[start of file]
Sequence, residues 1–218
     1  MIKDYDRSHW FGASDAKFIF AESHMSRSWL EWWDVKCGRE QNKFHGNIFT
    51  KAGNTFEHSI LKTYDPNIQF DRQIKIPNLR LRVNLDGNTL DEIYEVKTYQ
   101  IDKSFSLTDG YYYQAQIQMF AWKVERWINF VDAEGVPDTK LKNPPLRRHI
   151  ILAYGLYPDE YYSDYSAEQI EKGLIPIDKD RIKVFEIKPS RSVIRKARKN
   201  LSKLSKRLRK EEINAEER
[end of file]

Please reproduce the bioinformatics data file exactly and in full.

Sequence, residues 1–218
     1  MIKDYDRSHW FGASDAKFIF AESHMSRSWL EWWDVKCGRE QNKFHGNIFT
    51  KAGNTFEHSI LKTYDPNIQF DRQIKIPNLR LRVNLDGNTL DEIYEVKTYQ
   101  IDKSFSLTDG YYYQAQIQMF AWKVERWINF VDAEGVPDTK LKNPPLRRHI
   151  ILAYGLYPDE YYSDYSAEQI EKGLIPIDKD RIKVFEIKPS RSVIRKARKN
   201  LSKLSKRLRK EEINAEER